Spaying and Neutering Dogs

Well this is an eye-opening piece that has caused me to reconsider lots of presuppositions…

In other words, to solve the problem of our unwillingness to keep track of our dogs, we do not address our own unwillingness. To address the overpopulation of unwanted dogs, we do not address the overpopulation. Instead, we non sequitur: we take brand-new dogs and introduce them into our homes by first putting them through a surgery at six, four, or even three months of age. The professed solution, in the United States, is to spay or neuter all the new ones.

Source: Opinion | Dogs Are Not Here for Our Convenience – The New York Times

Chernobyl on the Seine

In 1933 nuclear physicist Marie Curie had outgrown her lab in the Latin Quarter in central Paris. To give her the space needed for the messy task of extracting radioactive elements such as radium from truckloads of ore, the University of Paris built a research center in Arcueil, a village south of the city. Today it’s grown into a crowded ­working-class suburb. And the dilapidated lab, set in an overgrown garden near a 17th century aqueduct, is sometimes called Chernobyl on the Seine.

Source: France Is Still Cleaning Up Marie Curie’s Nuclear Waste – Bloomberg

“Change within a lifetime”

Climate change is the ghosts of impacts future….

And so the most effective guard against climate breakdown may not be technological solutions, but a more fundamental reimagining of what constitutes a good life on this particular planet. We may be critically constrained in our abilities to change and rework the technosphere, but we should be free to envisage alternative futures. So far our response to the challenge of climate change exposes a fundamental failure of our collective imagination.

via The Conversation

Stitching together reality

The reason why we experience reality as a movie when it’s only a collection of pictures can be at least partially explained by our rhythms of attention. About four times every second, the brain stops taking snapshots of individual points of focus — like your friend on the corner in Times Square — and collects background information about the environment. Without you knowing it, the brain absorbs the sound of the crowd, the feeling of the freezing December air — which it later uses to stitch together a narrative of the complete Times Square Experience.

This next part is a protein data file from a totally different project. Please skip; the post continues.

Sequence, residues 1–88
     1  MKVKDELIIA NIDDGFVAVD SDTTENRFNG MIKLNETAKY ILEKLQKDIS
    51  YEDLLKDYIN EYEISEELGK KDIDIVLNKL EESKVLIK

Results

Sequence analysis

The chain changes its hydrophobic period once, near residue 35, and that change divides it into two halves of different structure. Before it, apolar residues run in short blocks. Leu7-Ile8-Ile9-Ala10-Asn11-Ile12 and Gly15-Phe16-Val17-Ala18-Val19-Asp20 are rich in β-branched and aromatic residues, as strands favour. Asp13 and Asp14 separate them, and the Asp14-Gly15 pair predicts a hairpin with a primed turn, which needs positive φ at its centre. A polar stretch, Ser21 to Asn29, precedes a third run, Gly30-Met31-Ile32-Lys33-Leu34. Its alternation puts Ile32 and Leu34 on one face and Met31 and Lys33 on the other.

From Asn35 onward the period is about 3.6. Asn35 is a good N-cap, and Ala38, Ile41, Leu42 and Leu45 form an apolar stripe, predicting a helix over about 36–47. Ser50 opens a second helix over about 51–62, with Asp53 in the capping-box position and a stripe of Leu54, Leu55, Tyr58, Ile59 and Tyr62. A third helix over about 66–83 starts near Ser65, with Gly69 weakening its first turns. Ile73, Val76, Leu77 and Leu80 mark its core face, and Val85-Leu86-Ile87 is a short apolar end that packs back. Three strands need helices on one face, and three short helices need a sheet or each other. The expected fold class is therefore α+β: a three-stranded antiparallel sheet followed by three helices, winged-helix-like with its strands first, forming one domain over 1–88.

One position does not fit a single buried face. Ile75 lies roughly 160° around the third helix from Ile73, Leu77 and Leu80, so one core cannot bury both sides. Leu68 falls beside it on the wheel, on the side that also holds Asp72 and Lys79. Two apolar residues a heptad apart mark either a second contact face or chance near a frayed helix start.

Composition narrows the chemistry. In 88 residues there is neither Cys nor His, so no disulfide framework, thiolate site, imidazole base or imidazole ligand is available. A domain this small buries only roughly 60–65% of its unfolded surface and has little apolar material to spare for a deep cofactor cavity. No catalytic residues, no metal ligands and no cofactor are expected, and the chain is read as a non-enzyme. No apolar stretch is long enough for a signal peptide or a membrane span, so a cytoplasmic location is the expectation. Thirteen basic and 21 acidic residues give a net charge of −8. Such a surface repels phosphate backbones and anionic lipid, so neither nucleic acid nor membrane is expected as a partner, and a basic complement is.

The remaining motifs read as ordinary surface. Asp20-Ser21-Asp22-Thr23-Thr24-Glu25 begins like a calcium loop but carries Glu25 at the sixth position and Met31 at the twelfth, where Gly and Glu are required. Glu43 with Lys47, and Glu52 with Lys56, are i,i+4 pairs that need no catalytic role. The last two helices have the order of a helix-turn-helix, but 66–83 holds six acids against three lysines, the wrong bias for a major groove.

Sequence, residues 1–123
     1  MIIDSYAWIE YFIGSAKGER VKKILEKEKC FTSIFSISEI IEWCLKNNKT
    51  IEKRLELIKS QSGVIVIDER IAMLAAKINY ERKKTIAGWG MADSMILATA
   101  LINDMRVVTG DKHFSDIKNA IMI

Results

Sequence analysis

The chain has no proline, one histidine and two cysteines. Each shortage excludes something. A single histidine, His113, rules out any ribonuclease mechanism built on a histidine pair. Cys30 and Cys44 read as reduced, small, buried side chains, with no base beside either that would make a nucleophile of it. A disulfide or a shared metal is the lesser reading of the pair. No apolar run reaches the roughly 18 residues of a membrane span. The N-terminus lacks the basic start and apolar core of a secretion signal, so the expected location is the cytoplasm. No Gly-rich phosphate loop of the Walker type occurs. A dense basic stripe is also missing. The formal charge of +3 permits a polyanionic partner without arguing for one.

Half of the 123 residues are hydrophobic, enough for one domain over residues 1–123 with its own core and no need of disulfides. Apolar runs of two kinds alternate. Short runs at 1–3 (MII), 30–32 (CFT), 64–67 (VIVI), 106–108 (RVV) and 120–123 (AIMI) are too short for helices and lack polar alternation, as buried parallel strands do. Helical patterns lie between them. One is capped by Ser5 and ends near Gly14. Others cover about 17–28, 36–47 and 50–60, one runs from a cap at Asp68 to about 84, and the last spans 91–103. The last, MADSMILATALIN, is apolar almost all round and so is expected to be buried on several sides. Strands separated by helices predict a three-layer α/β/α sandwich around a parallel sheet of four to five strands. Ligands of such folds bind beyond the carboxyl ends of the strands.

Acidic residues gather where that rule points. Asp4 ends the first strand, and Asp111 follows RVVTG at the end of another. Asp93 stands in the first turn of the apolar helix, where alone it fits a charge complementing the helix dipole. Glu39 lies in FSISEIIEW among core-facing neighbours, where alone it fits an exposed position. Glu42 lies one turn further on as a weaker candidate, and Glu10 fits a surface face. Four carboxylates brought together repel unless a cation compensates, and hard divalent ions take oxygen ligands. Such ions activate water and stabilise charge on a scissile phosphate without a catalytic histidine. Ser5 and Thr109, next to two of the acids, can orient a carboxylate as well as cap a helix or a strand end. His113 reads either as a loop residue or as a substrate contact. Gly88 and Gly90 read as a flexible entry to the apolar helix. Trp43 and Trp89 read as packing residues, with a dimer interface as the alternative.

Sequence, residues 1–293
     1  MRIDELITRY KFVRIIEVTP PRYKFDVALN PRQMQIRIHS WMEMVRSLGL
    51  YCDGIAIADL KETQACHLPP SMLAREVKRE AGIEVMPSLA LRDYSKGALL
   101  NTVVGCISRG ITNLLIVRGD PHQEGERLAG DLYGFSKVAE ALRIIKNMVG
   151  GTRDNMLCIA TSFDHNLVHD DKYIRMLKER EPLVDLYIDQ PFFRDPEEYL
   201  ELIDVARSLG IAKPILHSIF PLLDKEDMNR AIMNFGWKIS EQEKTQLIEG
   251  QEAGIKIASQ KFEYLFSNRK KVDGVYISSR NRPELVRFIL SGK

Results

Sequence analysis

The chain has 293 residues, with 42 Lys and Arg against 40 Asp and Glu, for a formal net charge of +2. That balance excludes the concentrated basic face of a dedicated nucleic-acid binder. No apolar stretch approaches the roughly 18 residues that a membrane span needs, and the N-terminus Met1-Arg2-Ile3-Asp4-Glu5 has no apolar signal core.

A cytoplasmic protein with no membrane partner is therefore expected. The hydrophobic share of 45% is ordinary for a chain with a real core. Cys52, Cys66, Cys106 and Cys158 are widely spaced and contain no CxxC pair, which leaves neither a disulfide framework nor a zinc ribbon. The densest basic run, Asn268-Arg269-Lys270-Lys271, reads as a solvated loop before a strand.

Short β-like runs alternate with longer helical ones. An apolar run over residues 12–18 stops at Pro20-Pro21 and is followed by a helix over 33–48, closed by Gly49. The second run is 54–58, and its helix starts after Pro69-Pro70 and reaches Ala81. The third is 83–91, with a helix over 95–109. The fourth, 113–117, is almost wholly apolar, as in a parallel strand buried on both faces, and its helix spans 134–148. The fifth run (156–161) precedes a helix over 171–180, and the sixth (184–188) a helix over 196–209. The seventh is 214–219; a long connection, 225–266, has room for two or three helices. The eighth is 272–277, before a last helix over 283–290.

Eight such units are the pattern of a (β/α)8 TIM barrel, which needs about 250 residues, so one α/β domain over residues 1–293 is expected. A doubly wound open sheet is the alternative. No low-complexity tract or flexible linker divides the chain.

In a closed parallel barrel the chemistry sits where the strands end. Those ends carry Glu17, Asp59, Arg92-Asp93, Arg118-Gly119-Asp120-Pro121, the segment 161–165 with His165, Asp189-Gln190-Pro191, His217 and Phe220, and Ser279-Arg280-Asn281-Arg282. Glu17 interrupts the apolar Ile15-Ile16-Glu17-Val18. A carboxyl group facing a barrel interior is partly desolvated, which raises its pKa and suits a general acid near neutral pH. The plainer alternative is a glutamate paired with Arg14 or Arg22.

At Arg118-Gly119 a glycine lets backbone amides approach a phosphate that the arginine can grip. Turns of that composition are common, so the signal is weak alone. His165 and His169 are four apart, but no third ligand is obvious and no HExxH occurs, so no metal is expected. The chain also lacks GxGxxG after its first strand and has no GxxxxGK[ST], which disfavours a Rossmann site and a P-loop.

— Read on www.inverse.com/article/48300-why-is-it-hard-to-focus-research-humans

Neil Armstrong’s Man Bag

I love this story (not just because I have an unhealthy obsession with bags and man purses)…

For whatever reason, Armstrong seemingly kept the bag a secret for more than four decades. Even when questioned about mementos by his authorized biographer, Armstrong made no mention of the historic artifacts that were tucked away in his closet.

To be clear, the bag was not something Armstrong snuck home from the moon. After returning to lunar orbit, the bag and its contents were moved from Eagle to the command module “Columbia” before the lander was directed to crash back to the surface. Had the purse remained aboard, it too would have been destroyed.

Source: Neil Armstrong’s purse: First moonwalker had hidden bag of Apollo 11 artifacts | collectSPACE

Our Toddler Memories May Not Be Permanently Lost

Hmm… being the parent of a current toddler, I’m going to take an initial pass on this upgrade offer.

Still, the results provide an interesting look into how the brain can store and ‘forget’ memories from childhood – and it’s tantalising to think that our very earliest moments in life might really be locked up in our neurons somewhere.

Source: Our Toddler Memories May Not Be Permanently Lost, Mouse Study Shows

 

Stephen Hawking Laid to Rest Between Newton and Darwin

It’s safe to say that Hawking inspired so many people of my generation (and generations after us, hopefully) with his wit and humor along with his insights into the workings of black holes and the cosmos.